Wake Up Call: Science Says Our Phones are Shortening Our Lives

Modern medicine is a bit of a miracle. Not interested in eating all your veggies? Take a fiber supplement and probably a statin to keep things in check. Don’t like to exercise? A blood pressure pill can do wonders. But to date, there’s no perfect little pill to undo the toxic physical and neurological effects of a digital heavy lifestyle.

“According to recent research, the average adult now spends four hours a day staring at their smartphone, keeping it within arm’s reach almost all of the time,” writes Sam Upton in Two Sides NA. “That amount of time spent with a device interferes with an alarming range of life elements and cognitive skills, from sleep time and quality of relationships to short- and long-term memory, attention span, creativity, productivity, and problemsolving and decisionmaking abilities.”

Okay, we’ve all heard this kind of thing before … we can’t concentrate like we used to, we have the attention span of goldfish, we close our eyes to go to sleep and see Candy Crush running behind our eyelids … but it’s much more than that, Upton notes.

“… while these are troubling in their own right, what should be worrying the average phone user is the fact that using the device raises the levels of cortisol, the body’s main stress hormone. Cortisol is the hormone that controls the fight-or-flight reaction, triggering psychological changes that help the human body react and survive dangerous threats,” he explains.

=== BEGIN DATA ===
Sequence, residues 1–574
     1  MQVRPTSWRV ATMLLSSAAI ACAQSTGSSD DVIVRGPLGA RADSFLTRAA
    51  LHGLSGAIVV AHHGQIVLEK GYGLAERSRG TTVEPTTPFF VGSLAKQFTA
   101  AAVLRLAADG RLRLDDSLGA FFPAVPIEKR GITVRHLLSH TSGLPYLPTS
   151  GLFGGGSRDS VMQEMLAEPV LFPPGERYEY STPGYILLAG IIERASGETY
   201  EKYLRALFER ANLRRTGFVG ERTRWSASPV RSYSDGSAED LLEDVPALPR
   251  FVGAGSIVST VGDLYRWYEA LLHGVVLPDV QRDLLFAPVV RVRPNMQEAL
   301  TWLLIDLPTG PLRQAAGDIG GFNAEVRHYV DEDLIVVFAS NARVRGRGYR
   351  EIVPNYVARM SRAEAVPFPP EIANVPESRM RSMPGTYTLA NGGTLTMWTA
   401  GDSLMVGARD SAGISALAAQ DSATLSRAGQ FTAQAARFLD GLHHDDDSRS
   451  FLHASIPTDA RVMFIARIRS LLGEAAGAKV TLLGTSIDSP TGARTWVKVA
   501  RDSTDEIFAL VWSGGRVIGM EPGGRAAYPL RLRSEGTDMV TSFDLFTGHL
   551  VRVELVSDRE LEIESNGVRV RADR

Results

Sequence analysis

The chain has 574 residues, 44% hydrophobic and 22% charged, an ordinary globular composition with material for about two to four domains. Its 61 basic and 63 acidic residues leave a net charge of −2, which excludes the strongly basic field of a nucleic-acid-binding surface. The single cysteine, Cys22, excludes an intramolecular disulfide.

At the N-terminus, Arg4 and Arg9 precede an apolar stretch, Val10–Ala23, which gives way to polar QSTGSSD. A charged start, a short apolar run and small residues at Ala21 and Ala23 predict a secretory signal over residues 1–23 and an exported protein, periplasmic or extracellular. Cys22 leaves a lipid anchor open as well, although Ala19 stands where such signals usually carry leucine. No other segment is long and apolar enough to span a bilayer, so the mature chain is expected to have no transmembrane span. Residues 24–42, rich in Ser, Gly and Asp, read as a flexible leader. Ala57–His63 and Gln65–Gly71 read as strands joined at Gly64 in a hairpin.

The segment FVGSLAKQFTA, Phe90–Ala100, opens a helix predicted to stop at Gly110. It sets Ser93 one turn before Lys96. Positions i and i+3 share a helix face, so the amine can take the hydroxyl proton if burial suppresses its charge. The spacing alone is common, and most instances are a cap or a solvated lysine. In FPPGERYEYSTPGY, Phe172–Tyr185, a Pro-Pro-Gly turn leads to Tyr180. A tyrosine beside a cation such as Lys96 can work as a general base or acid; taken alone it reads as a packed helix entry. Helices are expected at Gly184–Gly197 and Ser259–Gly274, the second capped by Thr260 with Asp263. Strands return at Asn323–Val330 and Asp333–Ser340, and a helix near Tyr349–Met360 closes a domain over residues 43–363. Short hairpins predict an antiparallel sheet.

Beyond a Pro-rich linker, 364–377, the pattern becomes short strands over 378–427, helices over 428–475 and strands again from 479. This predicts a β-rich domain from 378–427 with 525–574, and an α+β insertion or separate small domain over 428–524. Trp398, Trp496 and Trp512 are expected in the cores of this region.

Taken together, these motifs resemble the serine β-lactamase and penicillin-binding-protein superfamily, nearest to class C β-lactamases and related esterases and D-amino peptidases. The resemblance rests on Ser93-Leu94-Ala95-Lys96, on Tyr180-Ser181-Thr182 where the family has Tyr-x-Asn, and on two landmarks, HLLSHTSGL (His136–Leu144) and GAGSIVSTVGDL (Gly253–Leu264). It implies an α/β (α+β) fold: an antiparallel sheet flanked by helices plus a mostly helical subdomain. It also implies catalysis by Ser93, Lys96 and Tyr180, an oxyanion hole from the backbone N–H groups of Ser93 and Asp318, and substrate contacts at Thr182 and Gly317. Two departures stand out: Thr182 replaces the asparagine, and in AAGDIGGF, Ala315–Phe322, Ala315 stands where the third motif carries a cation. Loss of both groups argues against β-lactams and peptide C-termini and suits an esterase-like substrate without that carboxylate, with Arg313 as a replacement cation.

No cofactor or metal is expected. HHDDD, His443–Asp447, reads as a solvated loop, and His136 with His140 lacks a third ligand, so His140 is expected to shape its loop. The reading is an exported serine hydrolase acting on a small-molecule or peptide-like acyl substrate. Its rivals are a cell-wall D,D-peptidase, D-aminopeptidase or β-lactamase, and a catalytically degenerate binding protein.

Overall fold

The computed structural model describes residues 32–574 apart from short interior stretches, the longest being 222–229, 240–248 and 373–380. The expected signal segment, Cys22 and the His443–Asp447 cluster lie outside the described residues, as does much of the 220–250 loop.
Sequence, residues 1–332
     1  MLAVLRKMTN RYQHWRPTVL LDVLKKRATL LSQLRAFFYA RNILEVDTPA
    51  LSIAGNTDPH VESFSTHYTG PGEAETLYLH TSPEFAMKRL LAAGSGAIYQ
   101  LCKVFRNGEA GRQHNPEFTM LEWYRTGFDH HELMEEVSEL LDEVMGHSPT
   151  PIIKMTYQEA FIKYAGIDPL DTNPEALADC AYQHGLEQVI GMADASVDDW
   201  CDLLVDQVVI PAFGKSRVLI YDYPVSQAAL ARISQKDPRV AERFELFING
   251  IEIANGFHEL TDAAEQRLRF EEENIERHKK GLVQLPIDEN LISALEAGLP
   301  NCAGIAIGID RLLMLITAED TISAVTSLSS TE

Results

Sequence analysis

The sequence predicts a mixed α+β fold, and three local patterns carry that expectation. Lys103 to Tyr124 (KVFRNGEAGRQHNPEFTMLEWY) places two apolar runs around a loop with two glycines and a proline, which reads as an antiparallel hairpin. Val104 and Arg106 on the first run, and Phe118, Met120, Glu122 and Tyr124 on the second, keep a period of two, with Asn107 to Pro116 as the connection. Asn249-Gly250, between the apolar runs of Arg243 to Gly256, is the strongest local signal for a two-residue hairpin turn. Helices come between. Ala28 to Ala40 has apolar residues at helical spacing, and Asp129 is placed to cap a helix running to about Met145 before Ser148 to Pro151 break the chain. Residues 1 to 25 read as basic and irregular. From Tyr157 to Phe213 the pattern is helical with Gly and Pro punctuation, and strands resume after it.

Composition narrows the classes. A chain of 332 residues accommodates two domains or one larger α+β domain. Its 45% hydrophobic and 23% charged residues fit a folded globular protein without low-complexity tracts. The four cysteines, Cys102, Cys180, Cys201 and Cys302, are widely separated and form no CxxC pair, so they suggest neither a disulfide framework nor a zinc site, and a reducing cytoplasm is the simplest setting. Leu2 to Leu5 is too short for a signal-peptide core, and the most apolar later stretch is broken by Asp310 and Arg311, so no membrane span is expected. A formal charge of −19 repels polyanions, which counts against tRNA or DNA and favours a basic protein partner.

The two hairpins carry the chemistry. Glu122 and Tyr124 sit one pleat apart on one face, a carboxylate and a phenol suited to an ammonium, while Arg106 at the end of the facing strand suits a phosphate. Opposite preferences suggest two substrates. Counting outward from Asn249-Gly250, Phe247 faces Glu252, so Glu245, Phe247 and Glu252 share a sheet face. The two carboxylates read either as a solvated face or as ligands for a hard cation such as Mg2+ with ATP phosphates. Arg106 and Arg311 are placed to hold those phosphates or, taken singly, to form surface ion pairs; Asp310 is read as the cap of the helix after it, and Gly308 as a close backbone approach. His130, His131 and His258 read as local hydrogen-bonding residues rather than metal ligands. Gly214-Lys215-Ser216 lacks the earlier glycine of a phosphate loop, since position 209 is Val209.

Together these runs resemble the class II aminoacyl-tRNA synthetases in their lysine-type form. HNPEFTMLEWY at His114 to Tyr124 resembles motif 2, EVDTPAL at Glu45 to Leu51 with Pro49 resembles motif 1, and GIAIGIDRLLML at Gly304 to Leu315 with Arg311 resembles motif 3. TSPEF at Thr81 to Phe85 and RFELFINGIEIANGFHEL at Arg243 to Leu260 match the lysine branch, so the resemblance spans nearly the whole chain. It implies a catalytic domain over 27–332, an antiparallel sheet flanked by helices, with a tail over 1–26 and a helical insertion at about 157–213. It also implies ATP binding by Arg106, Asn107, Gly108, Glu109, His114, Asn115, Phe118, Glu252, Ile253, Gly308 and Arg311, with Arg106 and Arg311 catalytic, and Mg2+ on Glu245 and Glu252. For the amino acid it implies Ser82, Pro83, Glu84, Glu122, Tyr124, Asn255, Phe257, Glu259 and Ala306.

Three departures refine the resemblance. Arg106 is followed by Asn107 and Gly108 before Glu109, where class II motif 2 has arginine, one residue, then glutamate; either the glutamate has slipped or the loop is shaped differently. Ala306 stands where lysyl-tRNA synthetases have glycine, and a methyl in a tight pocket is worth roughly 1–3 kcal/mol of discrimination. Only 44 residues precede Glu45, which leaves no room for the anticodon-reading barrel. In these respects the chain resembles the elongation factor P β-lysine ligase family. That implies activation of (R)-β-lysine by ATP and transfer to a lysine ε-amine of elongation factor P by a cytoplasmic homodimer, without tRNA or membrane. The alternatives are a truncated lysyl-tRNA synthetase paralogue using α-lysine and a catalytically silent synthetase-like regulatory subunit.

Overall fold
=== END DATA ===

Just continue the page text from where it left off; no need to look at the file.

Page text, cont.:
In short, our phone addictions are literally shortening our life expectancy. And it’s happening when it’s just resting nearby, even when we aren’t actually using it.

“Unfortunately for the phone fan, these changes include rapid increases in blood pressure, heart rate and blood sugar – none of which are good for the body, especially when they can happen every time your phone makes you angry or frustrated, happy or excited – the exact emotional triggers that makes your phone so compelling,” Upton continues.

“Beyond these well-documented side effects of our pocket pals, there’s an organic change happening in our bodies, as smartphone usage has been shown to increase the stress hormone cortisol in our bloodstream,” according to Magazine Media research.

“Cortisol is the hormone that controls our fight or flight response so that we can survive in dangerous situations. This also results in increased blood pressure, heart rate and blood sugar, all not good for the body,” the article notes. “Especially when this happens every time in response to your mobile, every time you get angry, frustrated, enthusiastic or happy about the thing.”

If there’s no pill to counter this, there are some easy lifestyle fixes you can make.

“Neurological studies have shown that brain activity when reading print is significantly different to when reading from a screen. When reading digital content, the brain skims across the copy, only taking in key words or highlighted or bold text. But reading in print stimulates visual memory, improving understanding, retention and retrieval of information,” Upton explains.

Beyond that, it relaxes our central nervous system, helping us unwind from the digital frenzy, and promotes healthier, quality sleep.

“In a groundbreaking study, Harvard Medical School asked 12 students to spend two weeks reading an e-book before bed, then two weeks reading a print book,” Upton notes. “The study showed that reading an e-book resulted in less sleep and increased tiredness the next day.”

Healthy sleep is crucial to moderating stress and helping our bodies deal with our stressful and often frantic lives. Turning off your phone and reading a print book before bed can improve our well-being … and it’s a whole lot more fun than popping another pill.